I haven’t referenced a government example in past blogs, but there is such a glaring example of poor leadership out there right now that I can’t resist.
We have read a lot recently about how the European Union (EU) has been totally disorganized in rolling out the COVID-19 vaccines, causing the EU virus agony to drag on unmercifully. When COVID hit the region, EU members were unable to agree on anything. It played a minimal role in vaccine development and has totally bungled the vaccine deployment. For example, 13 of the 27 countries in the EU suspended the use of the Astra-Zeneca vaccine, even though the European Medicines Commission claimed it was safe and effective. Some countries use it, some have said it could be used on people over 55 but banned it for people 55 or younger, and others have banned it completely.
Because the EU bungled the ordering and distribution of any of the vaccine options, there are shortages in various countries. This has generated further chaos. Hence, EU members have each gone off on their own. For example, Hungry, in frustration, ordered a big batch of the Russian Sputnik V vaccine. Some EU members are ordering the Chinese Sinopharm vaccine. Austria and Denmark are working with Israel.
This is in stark contrast with the US Government, where, surprisingly, it has done a fairly good job in managing things. Specifically, Operation Warp Speed was put under the leadership of a senior pharmaceutical executive experienced in vaccinology and a high-ranking US Army general was put in charge of the logistics of getting the vaccines out to the states (some states did a good job of distributing the vaccines and some did poorly).
So…what was the core problem with the EU: lack of leadership. In fact, what was on display is that, in reality, the EU has authority for very few things when it comes to big projects that need to be implemented quickly across all 27 countries. The flaw is that all the countries need to agree. Without total consensus, countries have every right to do whatever they want! No wonder the UK bolted.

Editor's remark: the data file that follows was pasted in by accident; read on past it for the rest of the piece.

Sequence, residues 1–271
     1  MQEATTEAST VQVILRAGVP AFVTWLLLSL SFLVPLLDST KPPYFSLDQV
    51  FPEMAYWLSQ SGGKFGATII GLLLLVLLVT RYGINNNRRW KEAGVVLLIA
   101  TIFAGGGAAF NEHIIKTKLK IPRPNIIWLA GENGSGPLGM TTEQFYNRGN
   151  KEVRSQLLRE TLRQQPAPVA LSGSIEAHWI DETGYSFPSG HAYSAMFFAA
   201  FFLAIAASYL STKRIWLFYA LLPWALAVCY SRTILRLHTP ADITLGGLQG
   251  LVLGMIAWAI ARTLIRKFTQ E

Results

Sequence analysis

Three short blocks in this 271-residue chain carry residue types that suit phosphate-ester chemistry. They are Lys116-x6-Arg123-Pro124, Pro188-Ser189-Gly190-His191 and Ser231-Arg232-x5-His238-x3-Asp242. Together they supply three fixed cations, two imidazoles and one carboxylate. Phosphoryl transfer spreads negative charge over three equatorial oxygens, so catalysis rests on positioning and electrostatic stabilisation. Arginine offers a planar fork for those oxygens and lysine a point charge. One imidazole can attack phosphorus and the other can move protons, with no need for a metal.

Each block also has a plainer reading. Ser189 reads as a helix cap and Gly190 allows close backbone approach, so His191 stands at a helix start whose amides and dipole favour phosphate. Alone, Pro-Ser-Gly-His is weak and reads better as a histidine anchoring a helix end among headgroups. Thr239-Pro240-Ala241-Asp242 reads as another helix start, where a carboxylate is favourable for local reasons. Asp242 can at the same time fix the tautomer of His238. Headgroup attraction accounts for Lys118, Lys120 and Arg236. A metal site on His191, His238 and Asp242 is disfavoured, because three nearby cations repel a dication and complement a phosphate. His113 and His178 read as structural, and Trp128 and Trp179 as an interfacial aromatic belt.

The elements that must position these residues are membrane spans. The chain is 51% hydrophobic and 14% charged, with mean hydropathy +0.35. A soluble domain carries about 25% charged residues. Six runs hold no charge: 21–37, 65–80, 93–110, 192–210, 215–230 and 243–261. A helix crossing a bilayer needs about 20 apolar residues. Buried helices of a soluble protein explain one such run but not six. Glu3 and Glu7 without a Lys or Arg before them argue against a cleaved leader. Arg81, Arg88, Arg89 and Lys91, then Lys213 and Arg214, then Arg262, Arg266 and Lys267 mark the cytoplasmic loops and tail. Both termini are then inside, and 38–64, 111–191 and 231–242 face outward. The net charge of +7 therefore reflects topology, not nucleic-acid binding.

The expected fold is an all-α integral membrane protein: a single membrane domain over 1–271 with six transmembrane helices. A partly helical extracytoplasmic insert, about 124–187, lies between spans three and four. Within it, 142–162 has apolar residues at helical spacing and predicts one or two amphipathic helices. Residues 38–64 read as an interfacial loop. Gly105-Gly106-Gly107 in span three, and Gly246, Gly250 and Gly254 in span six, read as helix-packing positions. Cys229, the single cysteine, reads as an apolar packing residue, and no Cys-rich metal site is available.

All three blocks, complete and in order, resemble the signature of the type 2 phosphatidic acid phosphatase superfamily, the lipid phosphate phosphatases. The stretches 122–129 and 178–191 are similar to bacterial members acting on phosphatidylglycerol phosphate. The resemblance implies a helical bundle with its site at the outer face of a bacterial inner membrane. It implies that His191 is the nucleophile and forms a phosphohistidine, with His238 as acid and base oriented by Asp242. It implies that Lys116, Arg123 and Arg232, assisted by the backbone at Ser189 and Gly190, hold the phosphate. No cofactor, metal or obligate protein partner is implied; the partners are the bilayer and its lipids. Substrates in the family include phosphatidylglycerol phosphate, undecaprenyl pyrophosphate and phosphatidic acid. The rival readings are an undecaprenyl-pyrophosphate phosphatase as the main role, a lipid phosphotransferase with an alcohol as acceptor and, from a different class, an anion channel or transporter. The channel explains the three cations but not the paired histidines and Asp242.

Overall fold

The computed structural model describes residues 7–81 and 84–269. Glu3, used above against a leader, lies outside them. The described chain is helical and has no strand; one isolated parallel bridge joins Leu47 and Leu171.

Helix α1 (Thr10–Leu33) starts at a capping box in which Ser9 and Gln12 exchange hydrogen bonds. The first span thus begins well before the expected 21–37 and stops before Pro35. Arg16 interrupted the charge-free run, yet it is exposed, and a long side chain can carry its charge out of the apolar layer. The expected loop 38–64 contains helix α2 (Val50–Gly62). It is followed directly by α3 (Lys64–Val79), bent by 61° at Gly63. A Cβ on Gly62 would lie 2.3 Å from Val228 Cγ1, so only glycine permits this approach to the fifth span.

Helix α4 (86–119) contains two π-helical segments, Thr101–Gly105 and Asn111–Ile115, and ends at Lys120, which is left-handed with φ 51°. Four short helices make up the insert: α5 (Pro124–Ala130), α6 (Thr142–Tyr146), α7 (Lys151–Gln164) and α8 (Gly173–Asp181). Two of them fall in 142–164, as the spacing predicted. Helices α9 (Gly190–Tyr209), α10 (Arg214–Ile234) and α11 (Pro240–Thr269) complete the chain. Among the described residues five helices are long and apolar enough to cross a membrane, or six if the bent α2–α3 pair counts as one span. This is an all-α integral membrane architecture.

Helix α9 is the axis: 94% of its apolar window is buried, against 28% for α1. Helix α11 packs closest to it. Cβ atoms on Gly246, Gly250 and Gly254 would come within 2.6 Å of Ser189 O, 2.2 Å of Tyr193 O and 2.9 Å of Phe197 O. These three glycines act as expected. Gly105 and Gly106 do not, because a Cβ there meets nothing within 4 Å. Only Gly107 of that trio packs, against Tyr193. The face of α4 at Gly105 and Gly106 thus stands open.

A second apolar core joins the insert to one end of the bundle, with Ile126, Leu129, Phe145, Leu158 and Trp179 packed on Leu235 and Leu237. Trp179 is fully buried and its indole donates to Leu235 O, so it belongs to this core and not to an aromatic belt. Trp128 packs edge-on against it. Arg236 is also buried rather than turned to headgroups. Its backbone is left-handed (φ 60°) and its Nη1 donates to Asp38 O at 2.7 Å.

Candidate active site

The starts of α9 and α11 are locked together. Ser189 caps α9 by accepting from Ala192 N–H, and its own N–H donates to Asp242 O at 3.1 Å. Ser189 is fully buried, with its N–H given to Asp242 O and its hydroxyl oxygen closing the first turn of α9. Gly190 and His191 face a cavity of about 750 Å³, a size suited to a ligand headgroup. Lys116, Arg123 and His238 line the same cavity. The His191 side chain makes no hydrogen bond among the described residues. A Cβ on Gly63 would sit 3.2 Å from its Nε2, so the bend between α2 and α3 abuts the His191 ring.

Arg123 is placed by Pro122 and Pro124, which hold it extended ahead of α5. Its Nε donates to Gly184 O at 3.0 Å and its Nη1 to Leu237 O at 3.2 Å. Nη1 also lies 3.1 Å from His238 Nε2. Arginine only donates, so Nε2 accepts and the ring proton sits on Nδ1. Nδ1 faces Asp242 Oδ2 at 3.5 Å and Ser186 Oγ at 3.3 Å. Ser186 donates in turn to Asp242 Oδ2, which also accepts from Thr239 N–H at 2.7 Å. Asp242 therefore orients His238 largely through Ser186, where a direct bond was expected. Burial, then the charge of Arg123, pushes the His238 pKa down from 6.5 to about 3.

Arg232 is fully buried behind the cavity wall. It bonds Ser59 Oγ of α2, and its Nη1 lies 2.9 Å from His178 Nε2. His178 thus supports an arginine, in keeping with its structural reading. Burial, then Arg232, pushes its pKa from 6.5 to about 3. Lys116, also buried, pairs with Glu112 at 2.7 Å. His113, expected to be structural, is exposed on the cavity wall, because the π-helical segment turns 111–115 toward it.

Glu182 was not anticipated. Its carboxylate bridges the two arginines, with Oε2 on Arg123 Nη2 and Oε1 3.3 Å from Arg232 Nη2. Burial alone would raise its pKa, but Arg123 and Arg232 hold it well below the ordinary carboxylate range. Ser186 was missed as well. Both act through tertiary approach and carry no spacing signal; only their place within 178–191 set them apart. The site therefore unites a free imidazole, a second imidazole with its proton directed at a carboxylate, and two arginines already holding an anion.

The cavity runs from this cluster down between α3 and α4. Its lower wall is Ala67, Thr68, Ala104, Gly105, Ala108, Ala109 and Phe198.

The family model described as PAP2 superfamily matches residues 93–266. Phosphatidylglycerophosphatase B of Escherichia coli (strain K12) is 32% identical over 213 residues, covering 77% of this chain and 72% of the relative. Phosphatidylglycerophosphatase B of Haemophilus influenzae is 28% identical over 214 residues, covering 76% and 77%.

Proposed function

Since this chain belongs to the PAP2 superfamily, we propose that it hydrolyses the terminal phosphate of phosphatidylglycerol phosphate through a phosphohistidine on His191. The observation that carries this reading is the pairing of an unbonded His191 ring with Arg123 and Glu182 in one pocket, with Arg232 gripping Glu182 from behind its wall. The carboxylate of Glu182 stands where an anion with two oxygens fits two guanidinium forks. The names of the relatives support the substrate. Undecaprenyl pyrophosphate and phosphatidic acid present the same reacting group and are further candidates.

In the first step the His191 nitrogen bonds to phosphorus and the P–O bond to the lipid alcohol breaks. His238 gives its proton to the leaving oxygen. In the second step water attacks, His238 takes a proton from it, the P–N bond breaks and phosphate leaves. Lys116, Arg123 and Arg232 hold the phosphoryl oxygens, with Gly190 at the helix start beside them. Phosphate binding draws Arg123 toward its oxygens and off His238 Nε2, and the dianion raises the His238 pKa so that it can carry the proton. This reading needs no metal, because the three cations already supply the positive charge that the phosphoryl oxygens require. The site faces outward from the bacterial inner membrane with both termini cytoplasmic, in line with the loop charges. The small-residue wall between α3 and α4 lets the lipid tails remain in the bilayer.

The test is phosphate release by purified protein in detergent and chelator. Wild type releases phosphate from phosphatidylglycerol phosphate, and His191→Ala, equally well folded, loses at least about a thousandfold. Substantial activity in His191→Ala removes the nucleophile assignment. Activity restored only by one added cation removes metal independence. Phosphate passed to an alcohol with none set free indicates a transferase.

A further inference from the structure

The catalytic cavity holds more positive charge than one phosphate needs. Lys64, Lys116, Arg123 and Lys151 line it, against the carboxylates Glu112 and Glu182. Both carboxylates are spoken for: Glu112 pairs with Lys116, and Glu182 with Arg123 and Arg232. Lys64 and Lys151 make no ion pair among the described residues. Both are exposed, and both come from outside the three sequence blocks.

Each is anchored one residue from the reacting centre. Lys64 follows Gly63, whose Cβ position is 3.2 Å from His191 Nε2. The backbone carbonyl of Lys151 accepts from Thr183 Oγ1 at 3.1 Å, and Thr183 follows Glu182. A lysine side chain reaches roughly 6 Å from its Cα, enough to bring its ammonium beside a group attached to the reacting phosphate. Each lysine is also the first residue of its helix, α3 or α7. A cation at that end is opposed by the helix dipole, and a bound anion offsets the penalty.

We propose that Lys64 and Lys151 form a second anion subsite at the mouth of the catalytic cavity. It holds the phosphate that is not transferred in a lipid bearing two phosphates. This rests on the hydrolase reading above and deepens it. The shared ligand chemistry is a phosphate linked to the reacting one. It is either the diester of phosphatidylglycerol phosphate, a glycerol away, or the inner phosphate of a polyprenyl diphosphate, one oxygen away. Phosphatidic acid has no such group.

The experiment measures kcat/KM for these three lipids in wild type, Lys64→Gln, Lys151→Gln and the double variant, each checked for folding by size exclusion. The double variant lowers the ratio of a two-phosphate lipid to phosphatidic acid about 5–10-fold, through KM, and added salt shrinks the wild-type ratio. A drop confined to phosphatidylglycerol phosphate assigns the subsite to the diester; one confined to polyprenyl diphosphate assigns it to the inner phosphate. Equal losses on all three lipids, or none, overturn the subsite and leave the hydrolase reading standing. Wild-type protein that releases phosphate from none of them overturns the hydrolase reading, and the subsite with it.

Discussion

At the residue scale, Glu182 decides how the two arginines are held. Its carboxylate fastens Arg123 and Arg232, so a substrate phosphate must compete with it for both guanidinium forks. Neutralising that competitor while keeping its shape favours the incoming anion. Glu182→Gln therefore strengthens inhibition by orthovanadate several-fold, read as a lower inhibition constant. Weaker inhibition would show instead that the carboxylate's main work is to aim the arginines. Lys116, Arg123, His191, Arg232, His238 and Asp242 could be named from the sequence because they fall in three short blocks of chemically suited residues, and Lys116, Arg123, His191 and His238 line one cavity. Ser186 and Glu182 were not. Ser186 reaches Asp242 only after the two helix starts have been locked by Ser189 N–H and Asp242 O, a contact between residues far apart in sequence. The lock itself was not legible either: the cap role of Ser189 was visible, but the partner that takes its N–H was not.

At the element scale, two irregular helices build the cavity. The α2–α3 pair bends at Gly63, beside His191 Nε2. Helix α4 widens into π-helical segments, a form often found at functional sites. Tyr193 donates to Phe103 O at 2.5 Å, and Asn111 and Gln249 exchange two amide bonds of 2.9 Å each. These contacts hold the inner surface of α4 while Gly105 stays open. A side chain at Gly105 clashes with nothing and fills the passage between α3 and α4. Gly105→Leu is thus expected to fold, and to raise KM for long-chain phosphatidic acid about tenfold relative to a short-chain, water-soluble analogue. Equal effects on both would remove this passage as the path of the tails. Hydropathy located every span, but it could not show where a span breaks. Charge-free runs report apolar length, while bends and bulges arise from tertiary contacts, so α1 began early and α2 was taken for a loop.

Here are some practical suggestions for avoiding the ravages of consensus management:
- One Decision-Maker – Leaders need to be able to lead; they can’t be saddled with the requirement that everyone involved needs to agree before a decision is made.
- The Smart Leader Seeks Out Opinions from Relevant Parties – Wise leaders realize they don’t know it all, and they listen carefully to the various points of view. They then propose options and seek feedback. Then, and here is the important part, they decide on a plan and execute.
When Not Taking Advice, Make It Clear Why Not – Some advice that individuals and groups provide will be quite helpful, and the leader may want to reflect some or all of it. When the leader doesn’t, he or she should make it clear to all relevant parties why not.
Many academics and politically correct folks think that at all times, all parties need to be in agreement before moving ahead on a specific plan. A few years back the concept of leaderless team management was an HR brainchild. What has emerged from all of this is a return to the following age-old principle: if you want to get something done, put someone in charge, hold them responsible, and give them the authority to get it done.